Prelutsky, Jack. 1984. The new kid on the block. New York, NY: Greenwillow books. ISBN: 0-688-02272-3. p. 54-55.

"Homework! Oh, Homework!"

Homework! Oh, homework!

I hate you! You stink!

I wish I could wash you

Away in the sink,

If only a bomb

Would explode you to bits.

Homework! Oh, homework!

You're giving me fits.

I'd rather take baths

With a man-eating shark,

Or wrestle a lion

Alone in the dark,

Eat spinach and liver,

Pet ten porcupines,

Than tackle the homework

My teacher assigns.

Homework! Oh, homework!

You're last on my list,

I simply can't see

Why you even exist,

If you just disappeared

It would tickle me pink.

Homework! Oh, homework!

I hate you! You stink!

Extension: Have the students list things they would rather do than homework and put this list on the board. Have them keep the exaggeration and the rythmn as they compose their own poems, or even in groups. Illustrators can be used and then the ideas compared. Students should feel free to add other items to the list as they write their own thoughts of daring. Those students or groups that desire to can read their poems to the group. Choral reading and the cloze procedure would also work well with this poem. I wonder if someone can think of a tune that would allow us to sing this one as well.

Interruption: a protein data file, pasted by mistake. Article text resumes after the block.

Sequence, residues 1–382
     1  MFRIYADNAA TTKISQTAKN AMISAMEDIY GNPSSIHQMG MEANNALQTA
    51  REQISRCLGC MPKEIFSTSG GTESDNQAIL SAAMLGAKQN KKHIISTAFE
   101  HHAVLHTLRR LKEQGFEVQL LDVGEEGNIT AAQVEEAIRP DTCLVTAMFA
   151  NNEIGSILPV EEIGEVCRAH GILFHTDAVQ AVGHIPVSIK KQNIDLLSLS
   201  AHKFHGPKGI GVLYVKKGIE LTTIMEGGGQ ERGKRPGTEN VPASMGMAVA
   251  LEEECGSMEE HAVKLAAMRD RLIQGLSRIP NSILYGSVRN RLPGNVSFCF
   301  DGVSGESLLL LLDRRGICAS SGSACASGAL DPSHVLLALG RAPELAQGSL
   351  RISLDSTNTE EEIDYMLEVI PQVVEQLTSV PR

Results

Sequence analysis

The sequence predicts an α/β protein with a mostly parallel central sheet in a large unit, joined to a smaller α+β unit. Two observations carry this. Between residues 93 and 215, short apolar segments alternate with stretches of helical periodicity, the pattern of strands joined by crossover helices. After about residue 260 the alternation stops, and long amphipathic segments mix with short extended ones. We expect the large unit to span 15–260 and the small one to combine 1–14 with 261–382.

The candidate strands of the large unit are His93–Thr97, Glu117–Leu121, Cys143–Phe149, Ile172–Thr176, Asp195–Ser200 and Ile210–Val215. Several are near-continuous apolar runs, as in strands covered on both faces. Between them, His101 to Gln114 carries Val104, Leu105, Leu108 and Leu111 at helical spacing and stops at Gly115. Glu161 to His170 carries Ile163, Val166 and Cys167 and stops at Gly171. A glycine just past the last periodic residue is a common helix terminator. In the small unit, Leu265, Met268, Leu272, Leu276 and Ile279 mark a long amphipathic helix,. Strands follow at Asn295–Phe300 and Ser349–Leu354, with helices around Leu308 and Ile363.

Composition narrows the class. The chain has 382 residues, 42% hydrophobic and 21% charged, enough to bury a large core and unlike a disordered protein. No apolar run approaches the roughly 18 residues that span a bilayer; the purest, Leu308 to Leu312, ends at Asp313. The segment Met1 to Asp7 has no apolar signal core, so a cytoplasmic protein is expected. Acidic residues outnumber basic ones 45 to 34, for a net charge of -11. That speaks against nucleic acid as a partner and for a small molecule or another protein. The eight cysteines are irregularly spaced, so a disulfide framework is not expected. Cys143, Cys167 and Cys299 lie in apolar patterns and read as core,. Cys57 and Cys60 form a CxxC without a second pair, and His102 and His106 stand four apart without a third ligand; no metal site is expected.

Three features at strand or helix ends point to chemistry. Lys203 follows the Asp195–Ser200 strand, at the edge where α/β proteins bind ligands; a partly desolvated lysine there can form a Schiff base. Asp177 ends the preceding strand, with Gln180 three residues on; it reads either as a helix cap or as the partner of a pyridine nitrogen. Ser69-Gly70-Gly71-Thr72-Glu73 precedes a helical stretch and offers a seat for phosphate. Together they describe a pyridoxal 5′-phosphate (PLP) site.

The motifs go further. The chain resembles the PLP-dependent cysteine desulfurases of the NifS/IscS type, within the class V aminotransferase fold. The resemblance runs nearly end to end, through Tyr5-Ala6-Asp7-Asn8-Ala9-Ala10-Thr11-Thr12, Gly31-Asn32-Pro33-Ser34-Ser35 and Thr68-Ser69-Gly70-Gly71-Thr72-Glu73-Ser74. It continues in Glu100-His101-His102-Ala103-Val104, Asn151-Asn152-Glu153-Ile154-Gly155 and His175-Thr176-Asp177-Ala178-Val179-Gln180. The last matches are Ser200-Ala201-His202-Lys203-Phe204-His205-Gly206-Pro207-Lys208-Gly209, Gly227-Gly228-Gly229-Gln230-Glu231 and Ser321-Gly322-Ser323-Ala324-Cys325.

A poem by Judith Viorst

Introduction: A discussion of the word bully and what makes a bully would fit well before introducing the poem. I found this poem delightful as it takes some of the scarey out of a bully. This could be helpful in middle school to lead into units on character building as it relates to cheating, fighting and bullying.

Viorst, Judith. 1981. If I were in charge of the world and other worries. New York, NY: Aladdin Paperbacks. ISBN: 0-689-70770-3. p. 11.

"Stanley the Fierce"

Stanley the Fierce

Has a chipped front tooth

And clumps of spiky hair.

And his hands are curled into

Two fat fists

And his arms are bulgy and bare.

And his smile is a tight little

Mean little smile

And his eyes give a shivery glare.

And I hear that he goes for seventeen days

Without changing his underwear.

But I don't think I'll ask him.

Extension: With the poem as a base, what other characteristics would Stanley have? Students might also enjoy thinking of other surprise endings to use in place of 'without changing his underwear'. Have the students react to the last line of the poem. Why won't this person ask Stanley about what they have heard about him?